Jobless Family of 10 Refuse a 5-Bedroom-Home to Remain in Taxpayer-Funded Hotel

Jobless Family of 10 Refuse a 5-Bedroom-Home to Remain in Taxpayer-Funded Hotel

Giving people a hand when they need help is something that most people approve of. But what about those who take advantage of taxpayers, always wanting more and more, demanding a bigger handout? One British family is coming under serious criticism after they refused a five-bedroom home for their 10 children and instead are choosing to live in a taxpayer-funded hotel.

Arnold Malle Sube and his wife Jeanne live in Luton, Bedfordshire with their eight children. Their current home has three bedrooms and is public housing, but they say that it isn’t good enough. They described their current living situation as “terrible,” so a British council offered to put them into a five-bedroom home instead. But they refused that as well, saying that it wasn’t good enough. They need at least six double bedrooms to live comfortably, they said.

But rather than being grateful, the family is angry.

“Me and my family have been neglected,” Arnold said. “It’s so cramped and the conditions are terrible. Everyone is sleeping everywhere and my wife is sleeping with the baby so I am on the sofa. I am homeless in my home now.”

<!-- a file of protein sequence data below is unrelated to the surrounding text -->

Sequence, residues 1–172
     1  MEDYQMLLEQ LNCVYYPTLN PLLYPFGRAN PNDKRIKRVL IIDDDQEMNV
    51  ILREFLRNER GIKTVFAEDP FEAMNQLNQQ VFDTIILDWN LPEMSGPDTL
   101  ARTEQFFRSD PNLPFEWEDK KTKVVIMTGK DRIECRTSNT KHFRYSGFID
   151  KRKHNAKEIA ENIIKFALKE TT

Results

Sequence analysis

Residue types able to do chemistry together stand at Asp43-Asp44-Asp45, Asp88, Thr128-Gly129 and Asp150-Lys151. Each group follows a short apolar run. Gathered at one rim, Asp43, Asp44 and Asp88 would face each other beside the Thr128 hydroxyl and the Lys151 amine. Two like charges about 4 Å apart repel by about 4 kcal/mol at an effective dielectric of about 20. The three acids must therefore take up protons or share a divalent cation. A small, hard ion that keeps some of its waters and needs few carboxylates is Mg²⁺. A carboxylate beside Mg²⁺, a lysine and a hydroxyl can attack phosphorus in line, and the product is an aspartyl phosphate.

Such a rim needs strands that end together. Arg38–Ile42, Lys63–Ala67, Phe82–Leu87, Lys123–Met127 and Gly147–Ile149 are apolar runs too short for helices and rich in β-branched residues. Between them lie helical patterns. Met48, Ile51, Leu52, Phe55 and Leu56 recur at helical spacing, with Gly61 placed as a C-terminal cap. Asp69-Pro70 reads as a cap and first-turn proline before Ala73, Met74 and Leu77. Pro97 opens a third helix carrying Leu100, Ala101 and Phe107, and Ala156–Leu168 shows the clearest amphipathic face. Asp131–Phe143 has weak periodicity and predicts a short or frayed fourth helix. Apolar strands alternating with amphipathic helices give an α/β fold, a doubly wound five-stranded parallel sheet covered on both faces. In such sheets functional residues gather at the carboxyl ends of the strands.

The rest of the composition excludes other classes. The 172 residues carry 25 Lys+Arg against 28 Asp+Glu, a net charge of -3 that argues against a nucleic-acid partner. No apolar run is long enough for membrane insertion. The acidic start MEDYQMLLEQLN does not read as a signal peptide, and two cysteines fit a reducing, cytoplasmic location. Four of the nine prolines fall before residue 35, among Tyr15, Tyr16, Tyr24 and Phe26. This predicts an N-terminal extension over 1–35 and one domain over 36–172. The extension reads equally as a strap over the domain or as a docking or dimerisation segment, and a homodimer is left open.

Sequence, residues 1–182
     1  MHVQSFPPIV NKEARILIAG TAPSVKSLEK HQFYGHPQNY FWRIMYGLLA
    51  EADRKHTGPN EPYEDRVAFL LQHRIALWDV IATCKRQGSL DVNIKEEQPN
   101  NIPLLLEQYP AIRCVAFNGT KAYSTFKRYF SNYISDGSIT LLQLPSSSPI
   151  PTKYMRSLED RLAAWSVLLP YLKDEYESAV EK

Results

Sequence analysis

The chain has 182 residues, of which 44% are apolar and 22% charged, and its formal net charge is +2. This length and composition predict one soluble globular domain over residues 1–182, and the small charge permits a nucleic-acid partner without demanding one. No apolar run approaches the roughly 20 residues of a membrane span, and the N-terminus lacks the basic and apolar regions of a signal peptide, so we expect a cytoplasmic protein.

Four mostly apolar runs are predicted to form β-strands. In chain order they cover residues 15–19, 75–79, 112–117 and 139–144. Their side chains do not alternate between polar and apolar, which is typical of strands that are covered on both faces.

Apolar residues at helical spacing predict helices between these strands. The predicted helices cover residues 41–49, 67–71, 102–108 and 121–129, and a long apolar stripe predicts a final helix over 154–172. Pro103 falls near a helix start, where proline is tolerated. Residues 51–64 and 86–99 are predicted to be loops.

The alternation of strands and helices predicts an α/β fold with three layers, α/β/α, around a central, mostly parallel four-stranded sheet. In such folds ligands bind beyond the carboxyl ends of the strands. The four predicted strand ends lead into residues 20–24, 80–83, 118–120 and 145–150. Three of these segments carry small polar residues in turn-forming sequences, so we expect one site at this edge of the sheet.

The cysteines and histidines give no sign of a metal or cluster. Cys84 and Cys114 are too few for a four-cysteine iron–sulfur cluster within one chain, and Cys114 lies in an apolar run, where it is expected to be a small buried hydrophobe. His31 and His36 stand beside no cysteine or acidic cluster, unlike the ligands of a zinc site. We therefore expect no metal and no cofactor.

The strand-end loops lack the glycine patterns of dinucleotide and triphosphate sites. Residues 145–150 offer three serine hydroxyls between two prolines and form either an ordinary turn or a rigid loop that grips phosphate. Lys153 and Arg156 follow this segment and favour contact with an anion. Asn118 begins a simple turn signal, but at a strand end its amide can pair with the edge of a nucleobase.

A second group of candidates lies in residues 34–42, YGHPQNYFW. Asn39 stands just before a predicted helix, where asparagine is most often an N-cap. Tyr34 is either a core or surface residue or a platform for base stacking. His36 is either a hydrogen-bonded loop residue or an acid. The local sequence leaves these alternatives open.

The family relocated from France to the United Kingdom so that Arnold could study mental health nursing at the University of Bedfordshire in 2012. Originally, they were placed in a Hampton by Hilton hotel for four months, which cost taxpayers over $50,000. They also enjoyed $60,000 in housing and child benefits, in addition to child tax credits. The rent for their current home, which they say is too small, is also covered by taxpayers.

But if their current home is too small, then why not take the bigger one when it was offered? “There wasn’t enough space for the things of ten people, it didn’t even have a dining room,” Arnold complained.

A spokesperson for the Luton Borough Council was unapologetic. “Despite difficulties we managed to find Mr. and Mrs. Sube affordable housing in Luton that is large enough to house them and their eight children,” a spokesperson said in a statement. “After a generous offer on our part, we have done our bit and if housing is offered and declined without, what we judge, good reason, then we will offer property to another family.”

Councilor Michael Garrett added that there were “not many five-bedroom council houses in Luton and they were lucky to be offered one.”

Do you think they have the right to complain?

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